My Go Bag

Although I am a building-based school psychologist (which means I rarely leave my one building for work-related purposes), my recent forays into Edcamp organization, consulting, presenting, and grad school have me learning and working on the road more than ever before.  While I’m on the move at school, I can do a lot with just my mobile phone, a pad, and pen, but traveling further afield requires more firepower than I can fit in my pockets.  After many trials and more than a few errors, I think I’ve put together a “go bag” that ought to cover me in most circumstances.

The Bag

After some hunting around, I settled on the Timbuk2 Command Laptop Messenger Bag.  It’s billed as “TSA-friendly” due to the zip release that allows the bag (actually a very tight clamshell design – hard to describe; hit up the link for pics) to split open and lay completely flat for airport X-ray machines.  This is apparently a big deal for people who travel with more than one device (e.g., tablet and laptop).  I didn’t get it for this feature, but it’s nice to know it’s there if I need it.

Of greater concern to me was the bag’s build quality.  I’ve had too many broken straps, holey compartments, and torn zippers on past bags, so all the reviews I read espousing the quality of Timbuk2 products definitely influenced me to shell out a little more for a bag that seems like it will last (the lifetime guarantee helped my decision-making process as well).

From a capacity standpoint, this bag looks and feels compact, but functions very much like a real-life bag of holding.  Seriously, I have a hard time filling this thing, and it’s not for lack of trying.  The laptop actually goes in a slim foam padded compartment on the rear of the bag, and the laptop charger brick fits into a compartment on the bottom of the bag, leaving the main compartment free to hold other items.  There are pockets and zippers galore on this thing, but one feature I especially appreciate is the main flap closure – the flap is anchored by two aluminum hooks instead of velcro.  That’s a very welcome feature for the guy who rolls into grad class 15 minutes late every week and would like to avoid the very conspicuous rrrrrrrrrip of velcro that further disturbs the class.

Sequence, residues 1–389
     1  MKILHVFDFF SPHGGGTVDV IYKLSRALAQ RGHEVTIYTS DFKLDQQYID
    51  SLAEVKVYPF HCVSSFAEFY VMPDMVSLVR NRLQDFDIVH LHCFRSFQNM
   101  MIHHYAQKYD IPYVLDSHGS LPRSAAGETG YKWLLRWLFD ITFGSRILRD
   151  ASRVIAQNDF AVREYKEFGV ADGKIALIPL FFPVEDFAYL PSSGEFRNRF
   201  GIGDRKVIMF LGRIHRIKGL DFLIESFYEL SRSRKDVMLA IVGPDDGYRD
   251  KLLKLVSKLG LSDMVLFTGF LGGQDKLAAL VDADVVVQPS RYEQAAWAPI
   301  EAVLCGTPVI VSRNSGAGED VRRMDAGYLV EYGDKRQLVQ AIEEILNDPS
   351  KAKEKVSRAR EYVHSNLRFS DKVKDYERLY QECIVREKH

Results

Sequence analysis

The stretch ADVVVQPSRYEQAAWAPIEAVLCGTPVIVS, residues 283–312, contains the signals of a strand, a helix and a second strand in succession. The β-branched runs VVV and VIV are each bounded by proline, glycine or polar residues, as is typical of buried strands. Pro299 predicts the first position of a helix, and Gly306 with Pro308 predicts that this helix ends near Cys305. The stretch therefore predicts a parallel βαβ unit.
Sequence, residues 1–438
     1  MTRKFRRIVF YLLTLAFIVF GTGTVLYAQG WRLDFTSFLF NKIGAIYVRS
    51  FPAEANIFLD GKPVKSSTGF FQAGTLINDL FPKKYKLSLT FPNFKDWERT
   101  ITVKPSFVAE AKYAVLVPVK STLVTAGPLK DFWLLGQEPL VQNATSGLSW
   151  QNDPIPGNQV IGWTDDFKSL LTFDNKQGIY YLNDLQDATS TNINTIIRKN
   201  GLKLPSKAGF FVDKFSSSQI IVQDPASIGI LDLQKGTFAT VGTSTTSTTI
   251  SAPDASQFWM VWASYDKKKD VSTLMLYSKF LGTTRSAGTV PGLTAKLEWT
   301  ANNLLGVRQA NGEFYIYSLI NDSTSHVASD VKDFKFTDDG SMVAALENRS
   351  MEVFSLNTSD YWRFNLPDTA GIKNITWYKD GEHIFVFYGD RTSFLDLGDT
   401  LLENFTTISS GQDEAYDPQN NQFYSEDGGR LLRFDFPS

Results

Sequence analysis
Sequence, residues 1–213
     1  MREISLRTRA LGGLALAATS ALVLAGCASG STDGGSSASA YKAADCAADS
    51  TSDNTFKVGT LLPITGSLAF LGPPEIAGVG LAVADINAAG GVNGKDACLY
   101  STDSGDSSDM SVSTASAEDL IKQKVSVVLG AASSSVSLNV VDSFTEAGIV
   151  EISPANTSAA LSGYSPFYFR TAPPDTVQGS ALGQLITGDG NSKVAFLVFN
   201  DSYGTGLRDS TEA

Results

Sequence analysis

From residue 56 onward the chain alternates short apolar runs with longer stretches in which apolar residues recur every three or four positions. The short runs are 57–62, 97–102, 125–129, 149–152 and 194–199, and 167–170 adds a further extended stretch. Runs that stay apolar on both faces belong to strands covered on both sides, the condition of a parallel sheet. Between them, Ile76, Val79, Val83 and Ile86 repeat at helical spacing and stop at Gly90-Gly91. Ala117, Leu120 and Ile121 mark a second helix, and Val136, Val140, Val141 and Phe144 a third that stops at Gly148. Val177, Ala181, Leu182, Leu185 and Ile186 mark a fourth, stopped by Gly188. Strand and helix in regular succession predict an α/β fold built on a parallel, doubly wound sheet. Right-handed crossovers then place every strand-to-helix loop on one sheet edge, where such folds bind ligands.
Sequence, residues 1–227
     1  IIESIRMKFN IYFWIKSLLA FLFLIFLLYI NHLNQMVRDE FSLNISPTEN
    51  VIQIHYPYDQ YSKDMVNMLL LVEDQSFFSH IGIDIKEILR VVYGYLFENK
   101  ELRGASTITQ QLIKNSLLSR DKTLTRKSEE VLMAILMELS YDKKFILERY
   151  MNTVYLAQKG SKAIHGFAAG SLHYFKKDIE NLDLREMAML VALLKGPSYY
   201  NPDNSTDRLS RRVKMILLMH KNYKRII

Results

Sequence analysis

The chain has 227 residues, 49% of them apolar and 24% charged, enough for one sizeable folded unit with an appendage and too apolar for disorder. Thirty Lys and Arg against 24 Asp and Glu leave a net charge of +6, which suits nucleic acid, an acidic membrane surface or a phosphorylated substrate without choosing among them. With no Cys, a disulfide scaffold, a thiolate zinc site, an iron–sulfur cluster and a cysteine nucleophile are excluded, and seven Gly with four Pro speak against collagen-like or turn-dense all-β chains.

I purchased a Grid-It organizer to keep my cables corralled in my bag.  Micro/mini USB, Ethernet, etc. – these are all cables I’ve found myself needing (and not having) at some point in the past few years, so I thought it would be good to warehouse some spares.  The Grid-It keeps everything in one place and frees up the pockets and compartments for pens, notepads, Swiss Army knife, and other assorted handy items.

I tend to keep all my work accessible via services like Dropbox, Evernote, and Google Drive, but I keep a handful of USB drives in my bag mainly for emergency data transfer, but also to give away as needed.  I get so many for free at various functions that I thought this would be a better use for them than sitting in a desk drawer collecting dust.

Table of Contents

Here’s a complete list of everything I’ve managed to stuff into this bag.  Amazingly enough, the Command accommodates it all very well and doesn’t feel bulky or awkward at all.  In addition to the basics (laptop, charger, phone, & iPod), this is what comes with me on my journeys:

  • Grid-It Organizer
    • Micro USB cables
    • Mini USB cables
    • iPod cable
    • 4-port USB charger
    • Ethernet cable
  • Targus power strip
  • Earphones
  • USB thumb drives
  • Notepad
  • Pens
  • Sharpie
  • Swiss Army Knife
  • Caffeine pills (I hate coffee)
  • Migraine pills (I hate headaches, too)
  • Spare wallet with consultant ID, emergency credit card, & dollar bills for vending machines

Do you keep a “go bag”, or do you have any must-have gadgets, cables, or thingamabobs I should add to my list of essentials?  Let me know in the comments.

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